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Sitemap Aug-Archive-05 Chinese Google Rocks Stock Market

Chinese Google Rocks Stock Market  

Chinese search engine Baidu's stock soared some 350 percent on its debut. But powerful competitors like Google and MSN are moving in on its turf. Within an hour after it made its arrival on the Nasdaq, the share, traded as a certificate of deposit, had already tripled its value, and some analysts nicknamed it the "Chinese Google." The certificate ended its first session at $122.54, almost five times its $27 starting quote. It was the first time a share finished its first session above $100 since Google began trading in 2004.

The jump in the company's valuation was caused largely by its associations with Google. Reports in recent weeks have suggested that the search giant was interested in acquiring its Chinese competitor, which undoubtedly attracted investors to Baidu's IPO. Google already owns a 2.6 per cent stake in the company. That investment might once have been meant as a stepping stone to a bigger Google stake in the Chinese concern, but now it seems that Google has other plans.

Baidu has a close resemblance to Google. The Chinese portal has a similarly designed no-frills search page and makes its money from selling text-based advertising.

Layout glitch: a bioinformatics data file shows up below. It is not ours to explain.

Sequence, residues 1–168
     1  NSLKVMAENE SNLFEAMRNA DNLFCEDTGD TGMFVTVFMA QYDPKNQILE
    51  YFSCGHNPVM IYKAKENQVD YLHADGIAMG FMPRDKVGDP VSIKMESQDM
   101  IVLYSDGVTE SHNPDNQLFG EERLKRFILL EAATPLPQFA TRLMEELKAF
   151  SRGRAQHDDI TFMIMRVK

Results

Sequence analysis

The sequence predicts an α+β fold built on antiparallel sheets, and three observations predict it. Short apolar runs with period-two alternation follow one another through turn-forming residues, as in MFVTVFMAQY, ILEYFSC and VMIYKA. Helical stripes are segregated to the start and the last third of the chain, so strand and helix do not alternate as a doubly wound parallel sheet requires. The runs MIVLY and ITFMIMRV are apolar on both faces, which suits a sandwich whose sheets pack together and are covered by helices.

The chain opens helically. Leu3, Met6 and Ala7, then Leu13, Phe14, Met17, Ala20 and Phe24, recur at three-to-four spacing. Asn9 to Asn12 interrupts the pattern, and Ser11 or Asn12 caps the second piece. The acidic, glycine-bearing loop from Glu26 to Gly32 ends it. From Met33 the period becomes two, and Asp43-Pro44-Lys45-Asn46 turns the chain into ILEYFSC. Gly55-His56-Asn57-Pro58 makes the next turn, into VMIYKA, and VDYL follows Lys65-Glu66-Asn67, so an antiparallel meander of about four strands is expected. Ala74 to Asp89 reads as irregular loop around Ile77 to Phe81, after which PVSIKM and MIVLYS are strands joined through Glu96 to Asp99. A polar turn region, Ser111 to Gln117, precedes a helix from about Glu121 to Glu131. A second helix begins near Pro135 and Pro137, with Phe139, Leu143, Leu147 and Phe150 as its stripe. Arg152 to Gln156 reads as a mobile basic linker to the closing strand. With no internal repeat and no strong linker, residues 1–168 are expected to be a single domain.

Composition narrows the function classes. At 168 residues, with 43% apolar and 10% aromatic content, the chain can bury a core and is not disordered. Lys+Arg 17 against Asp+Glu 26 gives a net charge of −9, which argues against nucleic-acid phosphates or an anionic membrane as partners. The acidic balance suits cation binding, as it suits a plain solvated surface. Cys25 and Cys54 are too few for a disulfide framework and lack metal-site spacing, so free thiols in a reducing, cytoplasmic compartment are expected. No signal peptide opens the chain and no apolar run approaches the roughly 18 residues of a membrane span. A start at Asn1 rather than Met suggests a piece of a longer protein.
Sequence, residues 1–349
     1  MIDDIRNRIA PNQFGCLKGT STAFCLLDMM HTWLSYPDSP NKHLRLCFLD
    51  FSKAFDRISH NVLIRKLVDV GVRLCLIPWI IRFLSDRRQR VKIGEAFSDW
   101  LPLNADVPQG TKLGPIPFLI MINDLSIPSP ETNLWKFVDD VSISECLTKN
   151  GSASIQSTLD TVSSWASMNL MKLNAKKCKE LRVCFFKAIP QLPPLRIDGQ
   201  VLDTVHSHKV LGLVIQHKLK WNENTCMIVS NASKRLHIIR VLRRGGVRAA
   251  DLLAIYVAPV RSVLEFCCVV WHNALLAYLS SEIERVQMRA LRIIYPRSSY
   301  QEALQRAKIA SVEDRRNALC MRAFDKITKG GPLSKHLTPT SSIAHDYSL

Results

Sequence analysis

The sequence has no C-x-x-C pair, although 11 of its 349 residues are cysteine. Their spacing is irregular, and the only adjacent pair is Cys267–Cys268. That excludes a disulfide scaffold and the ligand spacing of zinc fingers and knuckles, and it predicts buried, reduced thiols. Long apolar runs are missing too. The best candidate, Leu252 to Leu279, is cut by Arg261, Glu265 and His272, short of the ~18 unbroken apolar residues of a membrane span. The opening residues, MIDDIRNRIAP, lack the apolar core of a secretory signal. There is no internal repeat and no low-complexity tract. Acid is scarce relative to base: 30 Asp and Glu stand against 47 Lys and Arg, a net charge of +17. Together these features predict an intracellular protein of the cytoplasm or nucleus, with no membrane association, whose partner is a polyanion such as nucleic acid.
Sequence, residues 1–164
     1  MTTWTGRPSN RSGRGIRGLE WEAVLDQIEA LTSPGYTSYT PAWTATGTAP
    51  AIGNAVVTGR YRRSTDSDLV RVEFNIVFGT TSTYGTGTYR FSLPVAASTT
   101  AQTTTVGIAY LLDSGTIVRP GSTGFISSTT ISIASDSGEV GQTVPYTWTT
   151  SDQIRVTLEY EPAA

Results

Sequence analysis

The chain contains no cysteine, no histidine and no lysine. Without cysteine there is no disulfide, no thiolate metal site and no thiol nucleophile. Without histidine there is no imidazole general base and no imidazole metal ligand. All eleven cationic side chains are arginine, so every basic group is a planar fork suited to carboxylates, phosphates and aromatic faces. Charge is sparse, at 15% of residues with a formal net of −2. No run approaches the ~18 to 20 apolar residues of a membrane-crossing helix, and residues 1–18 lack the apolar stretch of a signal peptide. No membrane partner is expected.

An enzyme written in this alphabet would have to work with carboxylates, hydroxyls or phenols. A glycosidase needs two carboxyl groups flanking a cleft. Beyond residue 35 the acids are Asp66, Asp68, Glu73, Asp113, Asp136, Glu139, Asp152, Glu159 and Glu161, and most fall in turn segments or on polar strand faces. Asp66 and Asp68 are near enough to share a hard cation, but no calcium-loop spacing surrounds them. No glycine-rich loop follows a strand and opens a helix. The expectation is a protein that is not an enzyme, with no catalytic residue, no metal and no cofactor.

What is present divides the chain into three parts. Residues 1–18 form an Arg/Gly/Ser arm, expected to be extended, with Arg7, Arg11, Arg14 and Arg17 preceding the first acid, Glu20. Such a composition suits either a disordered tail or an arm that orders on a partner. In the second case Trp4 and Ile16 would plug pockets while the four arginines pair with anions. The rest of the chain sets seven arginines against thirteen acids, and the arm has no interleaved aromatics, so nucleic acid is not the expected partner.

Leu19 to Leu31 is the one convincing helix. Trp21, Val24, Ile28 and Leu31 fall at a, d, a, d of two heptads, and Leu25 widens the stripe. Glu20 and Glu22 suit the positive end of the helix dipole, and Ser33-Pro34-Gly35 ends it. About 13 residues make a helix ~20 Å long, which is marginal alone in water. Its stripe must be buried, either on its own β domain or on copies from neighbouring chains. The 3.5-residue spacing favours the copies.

With such an explosive performance, Baidu's debut is similar to those that debuted in 1999. And just as the dot-coms that rocketed upward in those days of the Internet bubble quickly fell to earth, Baidu is getting a big short-term boost from investors who have fallen in love with a good story.

In Baidu's case, the cause for the exuberance is the booming Chinese Internet market. The country has over 100 million people online, making it the second-largest Internet market worldwide, behind only the United States. And there's plenty of room for more growth. In the first half of 2005, the market expanded 18 percent. And the number of Net users is still tiny compared to the number of Chinese consumers who use mobile phones — over 360 million. Many of those people use their cellular handsets to access the Net, providing Chinese dot-coms with an even bigger audience than just those who stick to PCs.

Baidu stands a good chance of winning big as all those Chinese Net surfers look for help navigating the Web. But amid the hype surrounding the Baidu IPO, it's worth remembering that the company is going to face a lot of obstacles, too.

However, Google might be off to a slow start in China, but it clearly has the brand and the technology to leap ahead quickly. Google is already one of the most popular search engines among Chinese Net surfers. Once Google gets its act together and makes a big push in China, which no doubt it will, Baidu will have its work cut out responding to the threat.

While Microsoft is trying to stymie Google in China, Bill Gates may turn out to be another big competitor to Baidu. MSN, the Microsoft portal, earlier this year launched a joint venture with an investment company in Shanghai and it probably won't be long before MSN becomes more aggressive in trying to lure away users from Baidu. Yahoo! is a threat, too, thanks to its acquisition of a Chinese search engine in 2003.

Baidu, its name inspired by an ancient poem, refers to a quest for the ideal. Now five years old, it is the sixth most visited site worldwide, and second in China.

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